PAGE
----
Hands-On Experience with Financial Literacy
Financial literacy focuses on developing skills to make someone more informed about their money management decisions. Gaining the skills and knowledge to become financially literate is a lengthy process that should start at a young age.
Financial literacy isn’t something that is required in schools and financial education falls on parents and guardians. Currently, 17 states require high school students to take courses in personal finance while 33 other states have introduced or have pending financial literacy legislation pending.
By the age of 12, students have developed an economic understanding and throughout their cognitive development learning smart money habits will encourage them to make better choices when it comes to their financial futures. Teaching financial literacy early has resulted in higher credit scores, lower debt, and higher savings.
Students who have had financial literacy classes have done it through digital learning modules, workshops and some classroom lessons. Banks and other institutions have started to explore other ways to teach students about finance, and have found that a hands on approach is helping change their behaviors about money.
Recently, U.S. banks across the U.S. have started their own financial literacy programs to help high school students build a financial foundation for themselves. Community Spirit, a bank branch in Alabama, has developed a program to enable students to open checking and savings accounts for $1 to keep until they are 24 with parental permission. The program also allows students to work in the bank as tellers to handle their peers’ transactions and market the student-specific accounts to their peers.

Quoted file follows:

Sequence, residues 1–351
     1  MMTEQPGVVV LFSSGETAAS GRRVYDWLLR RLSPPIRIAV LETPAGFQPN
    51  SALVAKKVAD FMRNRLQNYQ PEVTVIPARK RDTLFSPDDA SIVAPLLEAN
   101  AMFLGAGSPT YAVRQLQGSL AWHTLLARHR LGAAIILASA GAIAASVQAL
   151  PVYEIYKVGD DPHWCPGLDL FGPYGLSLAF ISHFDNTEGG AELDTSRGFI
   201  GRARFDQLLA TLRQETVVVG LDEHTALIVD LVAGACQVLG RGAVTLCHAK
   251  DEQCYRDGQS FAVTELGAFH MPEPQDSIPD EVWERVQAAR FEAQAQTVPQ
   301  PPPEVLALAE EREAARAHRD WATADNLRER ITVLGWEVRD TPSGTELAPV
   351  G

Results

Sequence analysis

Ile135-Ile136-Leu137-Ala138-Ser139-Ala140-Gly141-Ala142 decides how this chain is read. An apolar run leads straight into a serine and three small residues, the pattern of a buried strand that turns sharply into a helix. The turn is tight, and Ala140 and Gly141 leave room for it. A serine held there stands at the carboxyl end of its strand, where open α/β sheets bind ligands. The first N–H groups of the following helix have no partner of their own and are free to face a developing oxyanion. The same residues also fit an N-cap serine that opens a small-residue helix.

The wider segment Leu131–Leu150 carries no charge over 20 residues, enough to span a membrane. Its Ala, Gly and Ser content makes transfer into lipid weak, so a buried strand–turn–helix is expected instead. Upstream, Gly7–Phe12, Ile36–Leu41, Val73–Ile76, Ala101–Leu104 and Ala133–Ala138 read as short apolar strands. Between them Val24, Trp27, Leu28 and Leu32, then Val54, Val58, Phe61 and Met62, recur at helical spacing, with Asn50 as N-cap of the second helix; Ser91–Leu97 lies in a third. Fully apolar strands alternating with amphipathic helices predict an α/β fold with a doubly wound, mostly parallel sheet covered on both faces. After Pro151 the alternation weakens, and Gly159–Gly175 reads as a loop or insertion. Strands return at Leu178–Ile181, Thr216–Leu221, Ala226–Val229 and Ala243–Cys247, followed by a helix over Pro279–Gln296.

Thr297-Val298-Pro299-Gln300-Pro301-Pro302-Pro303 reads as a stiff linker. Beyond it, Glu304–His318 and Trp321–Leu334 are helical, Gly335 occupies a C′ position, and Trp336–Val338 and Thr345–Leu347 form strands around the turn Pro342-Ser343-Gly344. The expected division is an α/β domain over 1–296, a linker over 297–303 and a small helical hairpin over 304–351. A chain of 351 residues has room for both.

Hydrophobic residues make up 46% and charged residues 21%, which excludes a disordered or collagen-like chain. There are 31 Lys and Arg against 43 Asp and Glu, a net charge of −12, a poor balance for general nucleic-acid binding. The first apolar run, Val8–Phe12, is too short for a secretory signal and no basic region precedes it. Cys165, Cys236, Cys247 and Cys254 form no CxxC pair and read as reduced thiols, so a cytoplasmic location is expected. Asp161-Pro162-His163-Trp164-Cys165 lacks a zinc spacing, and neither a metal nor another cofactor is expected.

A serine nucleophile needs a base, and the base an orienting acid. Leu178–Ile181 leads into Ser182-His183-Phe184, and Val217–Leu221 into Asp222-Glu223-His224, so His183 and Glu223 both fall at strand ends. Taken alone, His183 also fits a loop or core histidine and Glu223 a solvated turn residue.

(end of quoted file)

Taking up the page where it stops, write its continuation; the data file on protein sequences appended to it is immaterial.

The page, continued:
Banks like JPMorgan Chase Co, Santander Bank, and Bank of America Corp have partnered with nonprofits and the public sector to provide participants of summer youth employment programs the opportunity to open easy access accounts and learn how to properly manage their finances. Student workers enrolled in this program can choose from a variety of banks and account offerings that are validated by the nonprofits.
Allowing students and young adults to be properly educated in financial literacy will help them develop better money habits and allow for a successful future of saving money and being more financially aware. If financial literacy is something to enroll a student or young adult in, reach out to banks, credit unions, and credit companies to find a financial literacy program that will work specifically for them.